**LCM stands for Least Common Multiple, which is the smallest number that two or more numbers can be divided by evenly (without a remainder).**

For example, to find the LCM of 4 and 6. We can list out the multiples of each number:

Multiples of 4: 4, 8, 12, 16, 20, 24, 28, 32, 36, 40, …

Multiples of 6: 6, 12, 18, 24, 30, 36, 42, 48, …

From the above list, we can see that the smallest number that appears in both lists is 12. So, 12 is the LCM of 4 and 6.

The formula to find LCM is:

LCM(a, b) = (a * b) / GCD(a, b)

where GCD stands for Greatest Common Divisor. So, to find the LCM of 4 and 6 using the formula:

**Therefore, the LCM of 4 and 6 is 12.**

## Using the Greatest Common Divisor method.

```
# This function computes GCD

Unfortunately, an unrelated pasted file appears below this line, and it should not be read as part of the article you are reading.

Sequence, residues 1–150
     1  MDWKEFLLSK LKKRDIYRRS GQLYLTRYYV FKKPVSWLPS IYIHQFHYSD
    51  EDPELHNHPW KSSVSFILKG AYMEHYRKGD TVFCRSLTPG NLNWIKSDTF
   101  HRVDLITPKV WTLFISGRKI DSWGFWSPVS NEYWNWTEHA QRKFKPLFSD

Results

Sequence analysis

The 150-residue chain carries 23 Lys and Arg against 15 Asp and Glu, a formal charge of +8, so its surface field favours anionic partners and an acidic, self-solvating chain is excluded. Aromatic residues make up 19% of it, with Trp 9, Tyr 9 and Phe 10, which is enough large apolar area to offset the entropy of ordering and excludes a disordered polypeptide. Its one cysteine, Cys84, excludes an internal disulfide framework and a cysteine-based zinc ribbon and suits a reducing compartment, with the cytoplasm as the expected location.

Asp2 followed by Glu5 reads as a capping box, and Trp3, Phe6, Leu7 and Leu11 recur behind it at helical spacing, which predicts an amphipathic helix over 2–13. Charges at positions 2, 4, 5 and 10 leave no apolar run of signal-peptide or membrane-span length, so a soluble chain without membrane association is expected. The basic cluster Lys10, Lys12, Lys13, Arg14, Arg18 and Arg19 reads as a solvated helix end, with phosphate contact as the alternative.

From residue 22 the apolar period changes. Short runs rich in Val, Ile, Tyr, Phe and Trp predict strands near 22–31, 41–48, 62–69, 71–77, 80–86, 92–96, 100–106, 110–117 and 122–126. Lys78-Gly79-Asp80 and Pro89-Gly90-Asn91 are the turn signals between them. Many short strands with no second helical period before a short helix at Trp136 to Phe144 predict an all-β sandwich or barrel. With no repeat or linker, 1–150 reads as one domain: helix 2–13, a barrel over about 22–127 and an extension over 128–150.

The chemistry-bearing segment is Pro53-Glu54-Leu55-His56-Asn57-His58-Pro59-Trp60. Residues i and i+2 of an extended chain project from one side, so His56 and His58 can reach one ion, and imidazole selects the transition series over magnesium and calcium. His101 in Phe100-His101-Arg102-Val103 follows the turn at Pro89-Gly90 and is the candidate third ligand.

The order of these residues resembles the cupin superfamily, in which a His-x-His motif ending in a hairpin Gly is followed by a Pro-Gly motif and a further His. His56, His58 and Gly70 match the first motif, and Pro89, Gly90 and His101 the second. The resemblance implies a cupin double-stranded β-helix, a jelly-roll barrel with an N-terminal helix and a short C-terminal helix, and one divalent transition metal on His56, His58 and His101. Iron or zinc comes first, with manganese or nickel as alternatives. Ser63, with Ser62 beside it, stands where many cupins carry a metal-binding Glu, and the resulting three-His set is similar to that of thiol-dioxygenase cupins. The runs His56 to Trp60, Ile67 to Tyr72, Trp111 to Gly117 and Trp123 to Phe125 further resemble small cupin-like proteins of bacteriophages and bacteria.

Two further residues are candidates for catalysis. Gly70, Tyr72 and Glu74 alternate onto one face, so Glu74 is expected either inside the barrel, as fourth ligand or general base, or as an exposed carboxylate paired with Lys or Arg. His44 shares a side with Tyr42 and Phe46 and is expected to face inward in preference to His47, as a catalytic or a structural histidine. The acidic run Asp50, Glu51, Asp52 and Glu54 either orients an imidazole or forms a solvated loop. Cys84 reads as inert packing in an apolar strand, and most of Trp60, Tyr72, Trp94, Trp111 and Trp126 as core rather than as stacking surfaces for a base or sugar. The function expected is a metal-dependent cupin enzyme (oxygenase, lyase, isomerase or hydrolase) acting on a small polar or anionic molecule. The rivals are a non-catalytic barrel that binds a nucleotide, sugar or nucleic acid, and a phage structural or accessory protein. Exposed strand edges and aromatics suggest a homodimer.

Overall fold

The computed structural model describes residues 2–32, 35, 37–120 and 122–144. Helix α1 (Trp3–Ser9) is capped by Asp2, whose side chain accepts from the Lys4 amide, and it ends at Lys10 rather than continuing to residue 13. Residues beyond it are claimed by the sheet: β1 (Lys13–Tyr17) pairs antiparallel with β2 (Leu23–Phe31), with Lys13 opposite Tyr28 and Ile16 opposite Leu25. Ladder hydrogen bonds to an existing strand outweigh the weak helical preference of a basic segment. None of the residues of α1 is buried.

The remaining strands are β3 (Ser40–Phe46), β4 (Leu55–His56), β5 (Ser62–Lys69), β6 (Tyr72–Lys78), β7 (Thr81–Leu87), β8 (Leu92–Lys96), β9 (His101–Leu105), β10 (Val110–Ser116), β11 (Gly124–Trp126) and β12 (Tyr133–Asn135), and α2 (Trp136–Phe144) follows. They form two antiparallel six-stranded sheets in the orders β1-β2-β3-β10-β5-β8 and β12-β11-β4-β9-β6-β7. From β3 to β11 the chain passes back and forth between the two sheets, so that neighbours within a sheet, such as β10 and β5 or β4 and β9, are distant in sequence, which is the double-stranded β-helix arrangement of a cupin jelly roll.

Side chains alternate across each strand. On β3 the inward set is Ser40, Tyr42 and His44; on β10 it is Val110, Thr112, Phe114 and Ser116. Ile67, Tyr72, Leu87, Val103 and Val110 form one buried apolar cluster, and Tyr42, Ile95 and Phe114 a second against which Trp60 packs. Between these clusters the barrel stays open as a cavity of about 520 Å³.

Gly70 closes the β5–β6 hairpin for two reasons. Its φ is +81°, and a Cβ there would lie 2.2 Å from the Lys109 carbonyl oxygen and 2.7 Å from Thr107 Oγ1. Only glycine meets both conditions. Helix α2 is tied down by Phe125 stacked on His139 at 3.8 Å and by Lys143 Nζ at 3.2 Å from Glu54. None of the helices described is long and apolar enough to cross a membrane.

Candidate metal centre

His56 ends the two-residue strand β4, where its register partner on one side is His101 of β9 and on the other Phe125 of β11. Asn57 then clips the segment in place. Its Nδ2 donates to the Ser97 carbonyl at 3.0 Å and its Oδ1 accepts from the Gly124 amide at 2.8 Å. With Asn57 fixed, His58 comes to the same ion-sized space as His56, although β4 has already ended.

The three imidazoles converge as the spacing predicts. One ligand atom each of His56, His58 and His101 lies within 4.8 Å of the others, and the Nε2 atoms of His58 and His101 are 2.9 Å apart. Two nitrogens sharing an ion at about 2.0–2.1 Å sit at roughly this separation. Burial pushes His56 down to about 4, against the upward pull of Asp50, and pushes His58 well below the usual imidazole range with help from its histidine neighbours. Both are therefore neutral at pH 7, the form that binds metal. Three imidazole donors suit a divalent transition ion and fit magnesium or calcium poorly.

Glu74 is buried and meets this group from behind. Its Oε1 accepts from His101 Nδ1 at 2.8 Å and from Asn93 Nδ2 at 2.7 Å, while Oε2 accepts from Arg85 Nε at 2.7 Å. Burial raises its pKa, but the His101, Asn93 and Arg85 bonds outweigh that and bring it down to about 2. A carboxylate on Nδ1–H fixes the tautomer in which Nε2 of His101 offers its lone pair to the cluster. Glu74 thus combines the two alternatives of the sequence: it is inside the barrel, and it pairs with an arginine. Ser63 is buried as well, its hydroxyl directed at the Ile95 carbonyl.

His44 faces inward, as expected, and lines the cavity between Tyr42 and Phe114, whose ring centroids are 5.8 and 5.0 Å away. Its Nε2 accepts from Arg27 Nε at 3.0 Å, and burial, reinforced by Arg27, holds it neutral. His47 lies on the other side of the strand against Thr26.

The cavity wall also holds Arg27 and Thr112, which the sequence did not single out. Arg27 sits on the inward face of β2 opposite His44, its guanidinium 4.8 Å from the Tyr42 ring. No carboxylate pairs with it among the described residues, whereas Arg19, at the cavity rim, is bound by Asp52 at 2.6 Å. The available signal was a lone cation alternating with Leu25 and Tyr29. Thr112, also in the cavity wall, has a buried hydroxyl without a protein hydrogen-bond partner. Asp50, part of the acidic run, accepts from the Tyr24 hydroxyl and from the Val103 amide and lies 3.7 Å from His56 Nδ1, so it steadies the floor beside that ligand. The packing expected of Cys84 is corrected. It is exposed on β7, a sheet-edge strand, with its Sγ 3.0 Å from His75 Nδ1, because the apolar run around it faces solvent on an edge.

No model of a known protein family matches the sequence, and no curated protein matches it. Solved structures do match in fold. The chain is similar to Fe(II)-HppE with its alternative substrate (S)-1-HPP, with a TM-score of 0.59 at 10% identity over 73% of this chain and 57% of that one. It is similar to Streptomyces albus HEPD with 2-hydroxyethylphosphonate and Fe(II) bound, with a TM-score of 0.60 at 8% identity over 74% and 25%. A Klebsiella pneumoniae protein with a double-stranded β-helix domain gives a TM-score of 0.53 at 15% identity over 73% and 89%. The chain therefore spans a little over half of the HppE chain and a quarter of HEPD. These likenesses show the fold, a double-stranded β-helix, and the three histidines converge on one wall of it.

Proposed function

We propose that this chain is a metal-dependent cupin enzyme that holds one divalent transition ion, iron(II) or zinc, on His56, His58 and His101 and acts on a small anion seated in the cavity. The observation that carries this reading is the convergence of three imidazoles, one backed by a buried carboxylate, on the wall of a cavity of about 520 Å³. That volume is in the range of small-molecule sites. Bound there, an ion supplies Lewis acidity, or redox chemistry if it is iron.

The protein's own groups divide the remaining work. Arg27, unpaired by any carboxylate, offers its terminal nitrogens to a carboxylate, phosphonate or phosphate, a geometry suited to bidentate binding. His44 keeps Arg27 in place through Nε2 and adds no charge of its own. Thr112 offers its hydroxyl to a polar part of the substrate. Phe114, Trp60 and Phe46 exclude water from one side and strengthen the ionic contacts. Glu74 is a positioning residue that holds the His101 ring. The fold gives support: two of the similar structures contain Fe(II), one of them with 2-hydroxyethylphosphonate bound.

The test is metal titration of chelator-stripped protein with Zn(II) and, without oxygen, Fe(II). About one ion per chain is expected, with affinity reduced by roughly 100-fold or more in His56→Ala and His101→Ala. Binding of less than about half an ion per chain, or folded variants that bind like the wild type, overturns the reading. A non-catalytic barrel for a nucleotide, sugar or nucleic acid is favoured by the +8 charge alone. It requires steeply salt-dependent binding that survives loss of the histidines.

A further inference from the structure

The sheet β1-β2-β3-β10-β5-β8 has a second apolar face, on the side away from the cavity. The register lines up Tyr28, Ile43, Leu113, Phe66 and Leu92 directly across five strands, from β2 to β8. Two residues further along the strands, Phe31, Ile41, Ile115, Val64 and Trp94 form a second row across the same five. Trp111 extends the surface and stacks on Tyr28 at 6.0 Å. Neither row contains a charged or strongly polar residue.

def compute_gcd(x, y):
while(y):
x, y = y, x % y
return x
# This function computes LCM
def compute_lcm(x, y):
lcm = (x*y)//compute_gcd(x,y)
return lcm
num1 = 54
num2 = 24
print("The L.C.M. is", compute_lcm(num1, num2))
```

### Output

```
Enter the first number: 45
Enter the second number: 716
The LCM of 45 and 716 is 32220
```

In this example, we define two functions, `compute_gcd()`

and `compute_lcm()`

, which compute the GCD and LCM of two numbers respectively. It takes two numbers as input from the user and prints their LCM by calling the `compute_lcm()`

function.

## Conclusion

To find the LCM of two numbers using GCD method, we need to multiply the two numbers and then divide the result by their GCD.